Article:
We have a link to Academic Advising for Undergraduates. This link would benefit from some additional detail about why Academic Advising is important and valuable. The same holds true for the General Education Guide — when the link is presented by itself, with no context as to what the guide is and why it is valuable the visitor is left to figure everything out for themselves — they have to explore each link, go to a new page and start the information evaluation process all over again.

Finally we have links to other Center for Academic Program services as well as to University Curriculum. Each of these links are essentially referrals to other sites/services. We need to think more about how we go about doing referrals. Do we want to make them look more like advertisements? Should they be presented in the context of a case study or guide? We will revisit this issue later on in the case study.

At the end of the main column, we have the “Photo Album“. It would appear that these photos are being presented to the visitor in order to show examples of what TRIO SSP students do during a typical semester.

Let’s review the Web stats to see how many people have been looking at the photo albums.

From July 13, 2007 through August 12, 2007 stats for the photo albums were:

  • Staff retreat – 5 views
  • Welcome picnic – 7 views
  • Pumpkin decorating contest – 1 views
  • Learning styles seminar – 5 views
  • Can drive – 0 views
  • To do show – 2 views
  • Mini-curriculum fair – 2 views
  • International festival – 6 views

So, out of 813 total page views, the total views for all of the photo albums was 28. Roughly 3% of all page views were of the photo albums. If these albums are intended to be a useful tool for demonstrating the community and value of the SSP, our current implementation is not performing well.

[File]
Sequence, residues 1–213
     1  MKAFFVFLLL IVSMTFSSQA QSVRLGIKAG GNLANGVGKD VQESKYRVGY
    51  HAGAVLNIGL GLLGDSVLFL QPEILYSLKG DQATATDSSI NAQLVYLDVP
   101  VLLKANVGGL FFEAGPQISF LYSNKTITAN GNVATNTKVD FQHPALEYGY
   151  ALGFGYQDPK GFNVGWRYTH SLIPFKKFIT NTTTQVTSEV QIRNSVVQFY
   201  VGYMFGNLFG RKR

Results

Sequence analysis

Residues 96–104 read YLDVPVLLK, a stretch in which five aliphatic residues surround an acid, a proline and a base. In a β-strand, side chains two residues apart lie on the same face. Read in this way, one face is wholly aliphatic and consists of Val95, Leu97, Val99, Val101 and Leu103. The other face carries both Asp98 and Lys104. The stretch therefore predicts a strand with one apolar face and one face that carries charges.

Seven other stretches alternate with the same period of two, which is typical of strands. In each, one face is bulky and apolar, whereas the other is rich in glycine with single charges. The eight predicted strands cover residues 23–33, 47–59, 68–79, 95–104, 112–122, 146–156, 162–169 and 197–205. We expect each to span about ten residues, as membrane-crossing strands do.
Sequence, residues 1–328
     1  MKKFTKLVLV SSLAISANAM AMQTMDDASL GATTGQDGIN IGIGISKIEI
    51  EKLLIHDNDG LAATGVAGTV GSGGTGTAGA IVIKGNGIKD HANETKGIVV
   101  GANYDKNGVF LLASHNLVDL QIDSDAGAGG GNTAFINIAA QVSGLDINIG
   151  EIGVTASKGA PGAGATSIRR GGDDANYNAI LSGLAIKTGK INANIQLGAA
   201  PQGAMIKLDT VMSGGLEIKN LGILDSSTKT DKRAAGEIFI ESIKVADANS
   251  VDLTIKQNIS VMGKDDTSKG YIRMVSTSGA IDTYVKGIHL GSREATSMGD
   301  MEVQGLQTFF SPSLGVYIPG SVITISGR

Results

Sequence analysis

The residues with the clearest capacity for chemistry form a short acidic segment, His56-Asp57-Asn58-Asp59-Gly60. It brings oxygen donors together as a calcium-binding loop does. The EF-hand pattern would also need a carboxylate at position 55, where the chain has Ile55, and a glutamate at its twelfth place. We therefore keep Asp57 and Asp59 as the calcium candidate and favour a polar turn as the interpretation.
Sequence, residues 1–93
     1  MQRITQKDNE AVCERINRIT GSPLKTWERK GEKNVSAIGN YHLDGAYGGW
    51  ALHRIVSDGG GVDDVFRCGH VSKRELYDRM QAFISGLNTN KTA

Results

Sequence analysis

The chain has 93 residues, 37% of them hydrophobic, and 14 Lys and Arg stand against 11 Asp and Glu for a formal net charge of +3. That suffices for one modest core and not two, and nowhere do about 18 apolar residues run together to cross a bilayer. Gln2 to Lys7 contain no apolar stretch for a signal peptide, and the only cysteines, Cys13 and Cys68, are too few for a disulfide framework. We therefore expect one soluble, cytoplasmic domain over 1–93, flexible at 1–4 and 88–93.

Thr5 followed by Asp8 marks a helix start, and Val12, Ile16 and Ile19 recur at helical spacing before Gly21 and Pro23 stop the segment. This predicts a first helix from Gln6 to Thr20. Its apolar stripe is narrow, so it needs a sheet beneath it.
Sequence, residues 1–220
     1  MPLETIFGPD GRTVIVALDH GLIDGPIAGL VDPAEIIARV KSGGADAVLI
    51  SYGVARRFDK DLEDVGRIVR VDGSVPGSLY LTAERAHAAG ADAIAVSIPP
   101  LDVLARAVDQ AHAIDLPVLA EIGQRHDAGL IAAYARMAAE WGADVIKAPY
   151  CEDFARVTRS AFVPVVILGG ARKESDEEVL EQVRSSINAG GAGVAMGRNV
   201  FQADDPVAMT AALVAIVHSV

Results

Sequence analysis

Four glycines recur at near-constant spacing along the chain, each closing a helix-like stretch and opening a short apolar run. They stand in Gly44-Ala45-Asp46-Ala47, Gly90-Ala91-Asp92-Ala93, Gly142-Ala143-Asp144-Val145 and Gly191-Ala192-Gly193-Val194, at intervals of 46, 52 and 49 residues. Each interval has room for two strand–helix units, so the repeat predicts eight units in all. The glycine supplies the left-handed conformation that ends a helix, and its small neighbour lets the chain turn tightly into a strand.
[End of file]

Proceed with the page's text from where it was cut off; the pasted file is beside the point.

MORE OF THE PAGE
We may want to consider moving the information to a different place on the page (e.g. not at the bottom of a page a user has to scroll through three screens to get to). The photos might work more effectively if we showed one at a time, included a caption about the event, provided a link to a photo albums or case study page that provided more detail. From our set of photos we could randomly load one out of 30 or more photos at a time. This content might also perform better if presented along with relevant event announcements. For example, if October were coming up we might want to promote a pumpkin carving contest and show photos from last year.

The remaining content we have to review resides in the right hand column of the home page. Here we find one bit of text that tells students to “Call to schedule an appointment with an advisor” and three important semester dates.

We may want to consider a re-write for the advertisement to include a value proposition: “Want to graduate in fou
r years?
Get your academic plan together! Call (269) 387-1234 to schedule an appointment with an academic advisor”.

The important dates might benefit from a heading. Without text explaining what these dates are, we have to spend a little extra time figuring out why the dates are there, and why they are important to us. Most of these dates might work more effectively with a ‘start of the semester’ check list.

Conclusions

All in all, most of the content on the home page is ‘good’ in some way or another. However, it may not be placed in the right location. We have a lot of text that seems to belong in the ‘About’ page. We have historical material in the photo albums that could be a good tool, but are not performing as desired in their current location. Finally, we have a large collection of links that might benefit by being reorganized into a ‘start of the semester’ check list along with important dates.

We are done with our initial content review of the home page. Our next step is to think about what options we have for improving the home page.

Are there any patterns we see? Are there groups/categories we can use to organize our content? What should we be doing with the home page? What type of information should students be able to get from the home page? Are we serving all of our audiences with the information presented?

Think about these questions. What do you think would work?

Tomorrow we will be having our project team meeting. We will be talking about some of these questions. In our next post, we’ll talk a little more about improvements to the home page.